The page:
This is an incredible martial arts film, and one of the best ever made, with amazing performances from Bruce Lee and John Saxon!. The fight scenes are simply phenomenal, and the story was awesome, plus Kien Shih is extremely menacing as the main villain!. The supporting cast was great, and the setting was really cool, plus the finale is simply outstanding!. It is somewhat violent at times, however the film really packs a wallop, as this will go down as one of the greatest martial arts film ever and rightfully so!. The plot really resembles a James Bond film in my opinion and the score also resembled it, plus this is Bruce's most unique film!.Bruce really seemed to be into his role here, and he was quite intense, plus the last fight is great!. This is an incredible martial arts film, and one of the best ever made, and i say it's an absolute must required viewing for Martial arts fans. The Direction is awesome!. Robert Clouse does an awesome job here with awesome camera work, great shots during the fighting scenes, and keeping the film at a very fast pace!. The Acting is fantastic!. Bruce lee is AMAZING as he always was,and is amazing here, he is extremely intense, and scared me with that look on his face, he is also very likable, kicks that ass, and was just amazing overall! (Bruce Ruled!). John Saxon is fantastic here, he is extremely likable, witty kicked that ass, and had good chemistry with Bruce,great to see him in a martial arts film!. (Saxon rules!). Kien Shih is fantastic as the main villain, he is extremely menacing and pretty creepy looking. Ahna Capri is so so at best. Jim Kelly is hilarious as Williams i really liked him.Robert Wall was memorable in his role, great martial artist. Bolo Yeung is amazing as always, and is amazing here, and boy was he ever intense, i loved him!(Bolo rules!)., great presence. Chuck Norris and Jackie Chan have very quick cameos, so don't blink or you'll miss them. Rest of the cast are fine. Overall a must see at all costs for any martial arts fan!. ***** out of 5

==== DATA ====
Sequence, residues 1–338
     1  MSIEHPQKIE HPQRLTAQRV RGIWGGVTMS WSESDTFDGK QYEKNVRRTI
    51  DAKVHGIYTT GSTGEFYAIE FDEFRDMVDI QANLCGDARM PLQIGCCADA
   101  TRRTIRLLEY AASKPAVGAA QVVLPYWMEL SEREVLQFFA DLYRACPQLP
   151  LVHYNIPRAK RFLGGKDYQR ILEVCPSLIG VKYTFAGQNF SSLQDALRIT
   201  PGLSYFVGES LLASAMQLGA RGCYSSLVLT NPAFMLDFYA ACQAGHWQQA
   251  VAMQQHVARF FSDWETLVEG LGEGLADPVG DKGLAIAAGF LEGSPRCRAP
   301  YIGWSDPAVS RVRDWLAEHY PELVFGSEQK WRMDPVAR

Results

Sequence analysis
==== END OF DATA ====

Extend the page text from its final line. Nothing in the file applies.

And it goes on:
• The film that should have put Bruce Lee over the top has him battling an evil ring of drug dealers while out to avenge his sister's death ("You have offended my family and you have offended the Shaman temple."). It's a shame that Bruce died so young (and that his son Brandon died even younger), given that he was as close to superhuman as possible. We can only imagine what his follow up vehicles would have been like.